This past week was a tough one for me. My grandmother passed away, and there’s been an unshakable ache in my chest all week as I learn to move with the loss. I haven’t felt like doing much of anything, so I haven’t. Then, along comes my friend Bob Petruska, a consultant who lives in Charlotte, North Carolina. He asked one of his own self-organizing groups to reflect on the benefits of the group, created a video of some of their responses, and sent it to me–a kind act that just wrote my blog for me this week–a week I REALLY needed help. What a guy. Thank you Bob. Here is his video…
Bob and I are also a self-organizing group. Bob found me several years ago, when I first started blogging, and reached out to say hello. We may live on opposite sides of the country, and do different work, but we were drawn together by a shared love of working as (and talking about) self-organizing work groups. We also both love Meg Wheatley. We’re also both stepping away from full-time work within large organizations to try something different for ourselves and our families. This conscious step away from what was normal work for us is scary, and I feel better knowing that Bob is out there taking similar tentative steps and leaps on his own path–someone I can commiserate with and ask a question of, as needed. We’re also very different. He’s an expert on a myriad of things I know relatively little about, including Lean and Six Sigma. Although we’ve yet to work together, we talk occasionally via email, via Skype, and via comments on this blog. Bob is kind, shows up to learn, and is open and generous–all things I aspire to myself. He even surprised me on my birthday last year with an iTunes gift card. That was cool.
How Bob and I are a self-organizing group…
- Our group is more internally created than externally created. We allow ourselves to be drawn together by both our similarities (a comfort) and our differences (learning opportunities).
- Our group is more emergent (appearing to arise spontaneously) than planned.
- We are surprised and delighted to find ourselves friends today–a relationship that doesn’t end even when our work together does.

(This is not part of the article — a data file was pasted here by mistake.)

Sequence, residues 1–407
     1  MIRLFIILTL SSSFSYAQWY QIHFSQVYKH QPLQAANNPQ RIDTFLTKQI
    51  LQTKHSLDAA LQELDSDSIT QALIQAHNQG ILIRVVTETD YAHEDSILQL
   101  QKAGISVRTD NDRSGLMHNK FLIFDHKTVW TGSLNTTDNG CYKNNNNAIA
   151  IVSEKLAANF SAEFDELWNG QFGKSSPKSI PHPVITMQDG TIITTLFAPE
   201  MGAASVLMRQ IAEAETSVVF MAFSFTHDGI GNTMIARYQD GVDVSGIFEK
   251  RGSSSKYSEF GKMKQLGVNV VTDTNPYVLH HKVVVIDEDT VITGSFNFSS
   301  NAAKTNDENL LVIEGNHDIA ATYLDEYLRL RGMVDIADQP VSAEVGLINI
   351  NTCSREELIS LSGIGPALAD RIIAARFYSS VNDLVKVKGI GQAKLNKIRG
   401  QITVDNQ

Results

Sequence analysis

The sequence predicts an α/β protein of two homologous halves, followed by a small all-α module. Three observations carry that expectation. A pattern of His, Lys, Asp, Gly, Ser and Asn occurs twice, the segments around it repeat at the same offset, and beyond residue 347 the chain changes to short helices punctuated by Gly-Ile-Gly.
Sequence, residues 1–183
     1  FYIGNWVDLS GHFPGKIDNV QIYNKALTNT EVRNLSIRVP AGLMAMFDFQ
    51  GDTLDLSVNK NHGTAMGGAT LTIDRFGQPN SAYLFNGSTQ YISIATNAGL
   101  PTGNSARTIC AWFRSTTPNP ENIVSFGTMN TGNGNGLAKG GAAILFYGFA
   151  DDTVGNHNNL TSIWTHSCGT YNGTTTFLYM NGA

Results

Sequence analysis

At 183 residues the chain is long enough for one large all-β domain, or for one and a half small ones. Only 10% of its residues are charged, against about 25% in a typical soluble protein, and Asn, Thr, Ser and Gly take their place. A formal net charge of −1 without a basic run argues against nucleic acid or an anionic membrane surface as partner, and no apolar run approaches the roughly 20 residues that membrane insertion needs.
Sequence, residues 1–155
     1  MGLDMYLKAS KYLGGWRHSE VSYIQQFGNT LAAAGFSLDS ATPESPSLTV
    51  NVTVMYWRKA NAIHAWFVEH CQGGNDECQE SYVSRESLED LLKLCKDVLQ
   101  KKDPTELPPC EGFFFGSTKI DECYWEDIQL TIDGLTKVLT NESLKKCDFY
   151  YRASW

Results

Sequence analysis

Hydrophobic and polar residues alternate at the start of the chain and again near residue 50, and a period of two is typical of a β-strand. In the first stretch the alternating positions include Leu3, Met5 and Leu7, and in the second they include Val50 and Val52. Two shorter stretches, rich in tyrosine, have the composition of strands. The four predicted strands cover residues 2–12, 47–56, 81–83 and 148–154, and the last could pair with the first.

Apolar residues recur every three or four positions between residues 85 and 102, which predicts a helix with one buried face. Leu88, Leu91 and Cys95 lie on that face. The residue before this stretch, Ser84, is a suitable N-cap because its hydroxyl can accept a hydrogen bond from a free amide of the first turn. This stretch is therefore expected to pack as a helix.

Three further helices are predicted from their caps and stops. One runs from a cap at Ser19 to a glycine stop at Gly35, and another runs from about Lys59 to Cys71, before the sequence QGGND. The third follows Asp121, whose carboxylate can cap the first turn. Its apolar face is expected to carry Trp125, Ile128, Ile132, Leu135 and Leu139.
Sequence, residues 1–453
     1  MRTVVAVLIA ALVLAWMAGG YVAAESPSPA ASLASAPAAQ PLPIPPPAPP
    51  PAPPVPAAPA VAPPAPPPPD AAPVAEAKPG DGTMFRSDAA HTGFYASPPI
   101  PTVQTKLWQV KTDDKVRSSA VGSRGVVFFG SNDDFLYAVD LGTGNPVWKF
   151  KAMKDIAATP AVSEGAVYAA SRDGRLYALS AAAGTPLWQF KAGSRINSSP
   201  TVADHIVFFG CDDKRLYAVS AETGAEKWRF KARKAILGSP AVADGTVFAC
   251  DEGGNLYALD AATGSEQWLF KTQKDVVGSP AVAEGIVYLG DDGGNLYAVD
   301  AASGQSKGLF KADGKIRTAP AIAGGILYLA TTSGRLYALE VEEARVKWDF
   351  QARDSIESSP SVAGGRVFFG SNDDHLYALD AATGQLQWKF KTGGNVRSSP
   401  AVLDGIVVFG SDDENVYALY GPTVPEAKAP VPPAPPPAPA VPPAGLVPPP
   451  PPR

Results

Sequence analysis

The community that Bob and I are part of…
The people highlighted in Bob’s video are a self-organizing group for him. For me, they have just become community members. They are people who took a leap of faith and decided to trust me, because they trust Bob. They allowed themselves to be videotaped public speaking–something they are learning to do together. Extraordinarily brave you are, people of Charlotte, North Carolina–public speaking scares me to death! Thanks to Bob, I now know that it’s ok to trust these brave people. Although they are technically strangers to me, I would open my front door to them, and welcome them in, without giving it a second thought today. Trusting strangers and allowing them to come close (emotionally local is my Seattle-researcher-nerd term for it). That’s community. And that’s the power of community.
Within self-organizing groups, I drop my individual fears long enough to see community that I couldn’t before see or imagine was even there. As community, we make new self-organizing groups possible. And we change ourselves and our world for the better.
Thank you brave people of Steele Creek Toastmasters. Your generosity is a gift to everyone reading this and a particular gift for me, who you helped during a time of mourning the loss of my dear grandma. I wish you long, happy lives free of the “ahs” and “ums” in your public speeches that you desire and full of laughter and forgiveness when they do sneak in.
Lori, I quote you